How to Start a Static Blog in 10 minutes with Jekyll and Terminal

Run your own Terminal Blog with Terminal

You probably have seen or heard of Medium.com or at least the bunch of awesome
articles created by its huge community of writers.

The platform has been gaining popularity with beginning writers because of its
clean design and easy to use input interface but one of the increasingly frustrating limitations is the lack of support for
custom domains.

You have a really cool domain name that you don’t want to go to waste, why let
Medium get all the traffic?

Terminal, with its easy to use control interface, allows you to setup a blogging
platform like Medium in just over 5 minutes.

Let me show you how.

Goal

In this article, I’ll be going through the steps to create your very first
Terminal from scratch to launch a self-hosted static site platform
called Jekyll which you can easily manage and edit your
content all from your Terminal screen.

I’ll also go through with you how to point your custom domain to your own
Terminal.

Pre-requisite

You don’t need anything! Just a nice looking browser to follow the tutorial.

Ready?

Lets go.

Step 1: Sign up for an account at Terminal

Signup

Step 2: Start a Terminal

For this example, lets use Ubuntu 14.04 LTS. You can use any other distro that
want, the concept should be easily transferrable.

Terminal Creation

Step 3: Install the Dependencies.

Once you’re in your Terminal Dashboard, lets get those dependencies installed.

Lets update your repository package (always do this on a fresh install)

[email protected] $ sudo apt-get update

Now, install ruby and its development headers

[email protected] $ apt-get install ruby ruby-dev git

Great, now lets install jekyll

[email protected] $ gem install jekyll --no-ri --no-rdoc

And that’s it!

Step 4: Launch

Lets grab the Medium-style Jekyll theme that the Terminal
Blog
is using, to kick start your site.

[email protected] $ cd /
[email protected] $ mkdir blog/
[email protected] $ cd blog
[email protected] $ git clone https://github.com/rosario/kasper.git
[email protected] $ cd kasper

All done?

Great! Start it!

Jekyll Build

# in your kasper directory /root/blog/kasper
[email protected] $ jekyll serve --watch --host 0.0.0.0
# Jekyll will open a webrick server with a default port of 4000

Now from your own browser (outside of Terminal’s internal browser), visit your
terminal. If you look at your browser now, you should see a URL in your address
bar like: https://davidchua5.terminal.com/#

Replace davidchua5 with the subdomain that you see and add a -4000 behind.

It will look something like https://davidchua5-4000.terminal.com

Terminal Launch Website

Step 5: Setup Access Control

Now, if you were to access the same URL but in a different browser or
Incognito/Private Browsing mode, you should be redirected to a login page like
below:

Access Control

That’s not good.

So lets make sure everyone can access your site.

Terminal Security GIF

Refresh your page on your Incognito browser and you should be able to see it!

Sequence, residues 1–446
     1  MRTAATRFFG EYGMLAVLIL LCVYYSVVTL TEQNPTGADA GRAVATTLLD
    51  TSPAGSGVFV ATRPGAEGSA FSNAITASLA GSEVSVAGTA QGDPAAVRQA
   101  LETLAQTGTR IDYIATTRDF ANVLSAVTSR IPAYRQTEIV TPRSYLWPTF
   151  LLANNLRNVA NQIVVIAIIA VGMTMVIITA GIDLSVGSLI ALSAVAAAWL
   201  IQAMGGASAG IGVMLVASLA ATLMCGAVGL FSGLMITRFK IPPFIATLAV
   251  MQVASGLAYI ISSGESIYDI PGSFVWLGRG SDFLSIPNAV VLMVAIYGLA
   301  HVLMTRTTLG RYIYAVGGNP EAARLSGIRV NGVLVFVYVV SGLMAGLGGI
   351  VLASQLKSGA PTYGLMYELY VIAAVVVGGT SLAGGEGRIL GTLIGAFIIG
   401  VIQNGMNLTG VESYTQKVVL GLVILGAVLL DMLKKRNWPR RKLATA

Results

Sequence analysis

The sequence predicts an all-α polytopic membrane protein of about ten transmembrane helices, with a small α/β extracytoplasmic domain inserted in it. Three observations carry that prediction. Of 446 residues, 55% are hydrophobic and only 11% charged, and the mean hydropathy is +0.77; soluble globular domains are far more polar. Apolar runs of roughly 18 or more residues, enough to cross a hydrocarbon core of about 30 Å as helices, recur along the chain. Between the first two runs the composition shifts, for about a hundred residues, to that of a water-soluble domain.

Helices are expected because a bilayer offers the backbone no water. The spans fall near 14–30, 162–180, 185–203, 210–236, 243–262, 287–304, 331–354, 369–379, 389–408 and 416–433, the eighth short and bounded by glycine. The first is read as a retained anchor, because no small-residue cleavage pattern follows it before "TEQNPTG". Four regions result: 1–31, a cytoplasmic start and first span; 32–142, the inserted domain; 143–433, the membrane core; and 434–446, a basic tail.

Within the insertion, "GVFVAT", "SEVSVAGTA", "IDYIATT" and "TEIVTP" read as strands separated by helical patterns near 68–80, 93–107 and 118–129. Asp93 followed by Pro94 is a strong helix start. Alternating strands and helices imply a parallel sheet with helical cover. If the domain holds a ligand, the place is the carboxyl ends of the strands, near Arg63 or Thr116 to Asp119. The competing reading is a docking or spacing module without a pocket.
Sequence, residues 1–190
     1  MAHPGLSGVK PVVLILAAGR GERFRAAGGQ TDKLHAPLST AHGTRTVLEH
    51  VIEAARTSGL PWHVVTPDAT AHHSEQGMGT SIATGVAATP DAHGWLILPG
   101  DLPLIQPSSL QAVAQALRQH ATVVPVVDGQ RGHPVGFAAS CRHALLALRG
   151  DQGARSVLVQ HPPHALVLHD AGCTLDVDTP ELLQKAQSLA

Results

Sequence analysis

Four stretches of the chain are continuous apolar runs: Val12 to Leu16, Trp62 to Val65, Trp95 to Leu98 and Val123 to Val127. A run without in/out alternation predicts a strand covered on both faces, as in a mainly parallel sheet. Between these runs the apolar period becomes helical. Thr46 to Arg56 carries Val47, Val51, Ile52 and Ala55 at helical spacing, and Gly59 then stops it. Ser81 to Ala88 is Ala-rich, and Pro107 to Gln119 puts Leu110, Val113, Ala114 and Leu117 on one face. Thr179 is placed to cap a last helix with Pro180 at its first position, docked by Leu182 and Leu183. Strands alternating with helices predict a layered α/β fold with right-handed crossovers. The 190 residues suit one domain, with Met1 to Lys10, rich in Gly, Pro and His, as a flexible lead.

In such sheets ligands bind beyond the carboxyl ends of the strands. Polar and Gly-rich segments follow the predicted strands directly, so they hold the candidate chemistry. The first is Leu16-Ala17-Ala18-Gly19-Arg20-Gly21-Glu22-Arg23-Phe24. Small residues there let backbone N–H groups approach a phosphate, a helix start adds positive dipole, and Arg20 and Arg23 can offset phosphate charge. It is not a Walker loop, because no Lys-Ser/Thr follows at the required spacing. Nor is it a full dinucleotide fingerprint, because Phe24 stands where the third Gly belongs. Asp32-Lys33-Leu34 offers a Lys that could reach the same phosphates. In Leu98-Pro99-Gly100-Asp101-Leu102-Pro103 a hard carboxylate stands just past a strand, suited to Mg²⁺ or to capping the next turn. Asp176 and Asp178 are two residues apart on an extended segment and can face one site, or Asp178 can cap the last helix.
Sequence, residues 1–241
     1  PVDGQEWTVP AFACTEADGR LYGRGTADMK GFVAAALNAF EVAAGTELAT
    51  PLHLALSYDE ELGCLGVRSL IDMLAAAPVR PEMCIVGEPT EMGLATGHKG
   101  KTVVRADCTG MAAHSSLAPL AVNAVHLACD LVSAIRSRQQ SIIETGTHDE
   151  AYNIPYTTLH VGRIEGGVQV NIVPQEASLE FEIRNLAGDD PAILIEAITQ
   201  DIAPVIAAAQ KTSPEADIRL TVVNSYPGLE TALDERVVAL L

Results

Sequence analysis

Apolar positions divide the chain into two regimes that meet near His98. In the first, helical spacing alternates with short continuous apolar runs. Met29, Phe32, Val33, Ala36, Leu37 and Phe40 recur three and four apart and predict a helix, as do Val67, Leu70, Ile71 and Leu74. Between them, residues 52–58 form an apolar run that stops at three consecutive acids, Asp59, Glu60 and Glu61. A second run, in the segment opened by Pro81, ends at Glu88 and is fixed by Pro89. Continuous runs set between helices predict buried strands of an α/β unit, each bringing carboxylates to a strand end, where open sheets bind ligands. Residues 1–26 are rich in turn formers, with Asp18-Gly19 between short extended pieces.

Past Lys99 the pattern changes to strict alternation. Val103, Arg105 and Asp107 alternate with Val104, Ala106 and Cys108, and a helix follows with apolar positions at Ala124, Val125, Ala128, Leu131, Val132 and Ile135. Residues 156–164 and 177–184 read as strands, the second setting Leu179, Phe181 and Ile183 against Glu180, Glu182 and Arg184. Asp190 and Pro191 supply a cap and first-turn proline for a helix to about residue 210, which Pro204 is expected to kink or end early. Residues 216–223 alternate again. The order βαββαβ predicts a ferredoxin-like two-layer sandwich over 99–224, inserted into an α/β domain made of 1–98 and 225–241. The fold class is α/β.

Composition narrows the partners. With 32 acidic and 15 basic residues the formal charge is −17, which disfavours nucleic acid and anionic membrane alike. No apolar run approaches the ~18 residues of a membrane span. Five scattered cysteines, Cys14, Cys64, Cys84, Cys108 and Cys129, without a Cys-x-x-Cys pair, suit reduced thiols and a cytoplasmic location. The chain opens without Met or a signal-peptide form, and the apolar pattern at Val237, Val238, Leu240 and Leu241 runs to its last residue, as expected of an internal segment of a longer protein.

Access Control

Step 6: Have fun!

So here’s the really fun part! One of the key benefits of Terminal is its
persistence. It allows you to open up files on their browser editor while
managing your shell instances.

When you pause or close your Terminal, when you restart it, you’re able to have
full access and continue where you left off.

This means, you can now launch your site, edit your text like you would in a
cloud-hosted platform. Except that you have full control and access over
everything that goes on in it.

Live Blog

Lets do a quick demostration.

In your Terminal Dashboard, you should see the file manager on the left hand
side of the screen. Click on the “/” at the top of the screen to get you back
into the root path and try and navigate into your kasper directory. If you’re
lost, the following image should be able to help you out.

File Editor

Got it? Now, that you’re in /root/blog/kasper. Navigate to the _posts
directory and you should see a file like 2013-11-10-welcome-to-jeky……
open it up by double clicking on it.

Now, you should see the contents appearing on the middle of your screen.

Here’s the fun part about Jekyll’s auto-generation function.
Whenever you make any changes to the files that it is watching, it will
automatically update and regenerate the static file so that the changes is
apparent almost immediately.

Add something a new line in the content and save (tip: Ctrl-S works too).

You should see the changes like below.

Now refresh the browser link at the bottom right of the screen.

See the change?

There’s so much more you could do with Jekyll and I’d point you to check out
this article by the Jekyll Bootstrap
Project
.

Step 7: Point your custom domain

Terminal Help

Assuming that you have a domain name that you already have access to, all you
have to do is to tell Terminal that you want to use your custom domain.

In your Terminal dashboard, click on Custom Domains and insert your
domain inside.

Custom Domain

Once you’ve done that and assigned your domain name to a terminal, all you need
to do is to access your domain management page and add a CNAME record to point
that subdomain to Terminal.

For example, with my above example, I’ve chosen to use letsblog.2launch.us
so my CNAME configuration will look something like:

CNAME configuration